How can novel drug targets be identified?

What is this research project about?

Herpes viruses can cause zoster.

What is this research project about?

Human herpes viruses are the causative agents of an array of diseases like chickenpox, Zoster, Herpes encephalitis, infections of the newborn, a range of diseases in immunocompromised patients, infectious mononucleosis. Two of the human herpesviruses, Epstein-Barr virus (EBV) and Kaposi Sarcoma Herpesvirus (KSHV), are recognized by WHO as class 1 carcinogens and cause a variety of human cancers, such as nasopharyngeal carcinoma, lymphoma and Kaposi’s sarcoma.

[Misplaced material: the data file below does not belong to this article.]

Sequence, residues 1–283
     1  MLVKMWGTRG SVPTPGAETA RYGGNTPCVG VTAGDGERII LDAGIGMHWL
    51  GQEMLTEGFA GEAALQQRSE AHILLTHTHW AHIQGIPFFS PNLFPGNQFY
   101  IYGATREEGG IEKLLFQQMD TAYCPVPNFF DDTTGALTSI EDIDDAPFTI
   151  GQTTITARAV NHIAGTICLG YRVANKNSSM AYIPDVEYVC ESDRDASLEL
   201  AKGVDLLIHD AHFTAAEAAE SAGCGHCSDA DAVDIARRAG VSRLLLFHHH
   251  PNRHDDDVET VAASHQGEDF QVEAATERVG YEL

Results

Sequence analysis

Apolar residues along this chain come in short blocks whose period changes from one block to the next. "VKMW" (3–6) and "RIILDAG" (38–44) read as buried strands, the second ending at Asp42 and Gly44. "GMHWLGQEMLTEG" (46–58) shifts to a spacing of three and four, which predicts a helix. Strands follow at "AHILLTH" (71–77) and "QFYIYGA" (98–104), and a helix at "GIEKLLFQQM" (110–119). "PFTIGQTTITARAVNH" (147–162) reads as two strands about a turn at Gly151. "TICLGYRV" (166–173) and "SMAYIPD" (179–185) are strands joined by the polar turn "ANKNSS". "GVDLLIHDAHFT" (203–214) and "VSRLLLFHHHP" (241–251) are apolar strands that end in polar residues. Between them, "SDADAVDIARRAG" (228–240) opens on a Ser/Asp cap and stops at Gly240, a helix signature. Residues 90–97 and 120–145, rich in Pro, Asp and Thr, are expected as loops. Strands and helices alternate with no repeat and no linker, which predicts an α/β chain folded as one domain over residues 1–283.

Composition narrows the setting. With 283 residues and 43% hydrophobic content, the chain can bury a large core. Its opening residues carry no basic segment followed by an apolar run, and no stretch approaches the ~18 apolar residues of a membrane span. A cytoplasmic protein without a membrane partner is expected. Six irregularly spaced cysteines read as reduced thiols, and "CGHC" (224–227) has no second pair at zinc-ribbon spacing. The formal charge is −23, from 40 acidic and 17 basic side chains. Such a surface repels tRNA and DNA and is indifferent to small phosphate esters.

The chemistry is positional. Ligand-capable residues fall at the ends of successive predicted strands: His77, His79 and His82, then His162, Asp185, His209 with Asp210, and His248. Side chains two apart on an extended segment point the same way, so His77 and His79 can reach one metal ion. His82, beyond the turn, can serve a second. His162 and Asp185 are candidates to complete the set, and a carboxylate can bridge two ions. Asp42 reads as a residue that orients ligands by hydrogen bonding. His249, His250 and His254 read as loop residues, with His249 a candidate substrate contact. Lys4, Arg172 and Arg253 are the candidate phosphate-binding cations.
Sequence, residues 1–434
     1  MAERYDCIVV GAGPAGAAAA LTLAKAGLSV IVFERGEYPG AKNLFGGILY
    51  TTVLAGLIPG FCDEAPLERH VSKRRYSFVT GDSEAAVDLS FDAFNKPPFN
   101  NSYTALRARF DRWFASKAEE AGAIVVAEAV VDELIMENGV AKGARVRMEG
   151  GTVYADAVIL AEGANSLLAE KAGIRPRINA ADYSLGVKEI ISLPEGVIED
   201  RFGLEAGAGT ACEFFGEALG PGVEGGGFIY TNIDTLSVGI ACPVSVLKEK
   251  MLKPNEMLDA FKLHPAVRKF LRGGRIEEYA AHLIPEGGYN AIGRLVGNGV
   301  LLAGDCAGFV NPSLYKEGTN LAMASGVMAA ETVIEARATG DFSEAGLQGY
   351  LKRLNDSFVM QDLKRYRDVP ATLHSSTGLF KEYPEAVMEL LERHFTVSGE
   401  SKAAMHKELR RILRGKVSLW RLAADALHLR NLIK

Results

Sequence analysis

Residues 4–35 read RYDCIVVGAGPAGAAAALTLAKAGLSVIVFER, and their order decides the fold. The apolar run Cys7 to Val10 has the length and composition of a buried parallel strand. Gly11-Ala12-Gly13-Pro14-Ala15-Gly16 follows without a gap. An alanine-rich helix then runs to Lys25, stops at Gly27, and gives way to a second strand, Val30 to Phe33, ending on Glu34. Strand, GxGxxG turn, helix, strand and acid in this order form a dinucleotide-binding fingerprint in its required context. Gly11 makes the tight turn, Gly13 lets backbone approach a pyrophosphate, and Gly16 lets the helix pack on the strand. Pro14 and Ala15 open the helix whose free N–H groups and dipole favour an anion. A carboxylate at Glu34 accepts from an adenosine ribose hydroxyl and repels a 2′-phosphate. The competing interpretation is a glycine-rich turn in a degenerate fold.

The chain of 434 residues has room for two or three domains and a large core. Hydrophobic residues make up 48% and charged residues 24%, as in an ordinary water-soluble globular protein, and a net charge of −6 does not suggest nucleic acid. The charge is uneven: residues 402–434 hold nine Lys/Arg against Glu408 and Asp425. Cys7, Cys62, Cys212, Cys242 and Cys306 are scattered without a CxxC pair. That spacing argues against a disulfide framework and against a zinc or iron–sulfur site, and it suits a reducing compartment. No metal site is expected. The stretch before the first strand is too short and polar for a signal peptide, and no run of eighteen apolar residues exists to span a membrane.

We want to improve the portfolio of currently available antiviral drugs. The availability of additional inhibitors targeting either persistence-related processes or the viral assembly stage within the viral life cycle might open up new therapeutic options to suppress viral replication during persistent infections or even eliminate a persisting infection.

What’s the current status?

Currently available drugs target the viral DNA polymerase and thereby inhibit the replication of the viral genome, but are often not effective enough to suppress viral replication permanently or eliminate the infection. In many cases, the available inhibitors still allow expression of viral genes that may contribute to pathogenesis. For example, KSHV replication can be curtailed by cidofovir, ganciclovir and foscarnet. However, these drugs are not effective against most KSHV-associated diseases, as they still allow the expression of viral proteins known to contribute to tumor formation.

What are the project goals?

In the frame of this project, we want to explore three novel steps as point-of-intervention in the viral life cycle: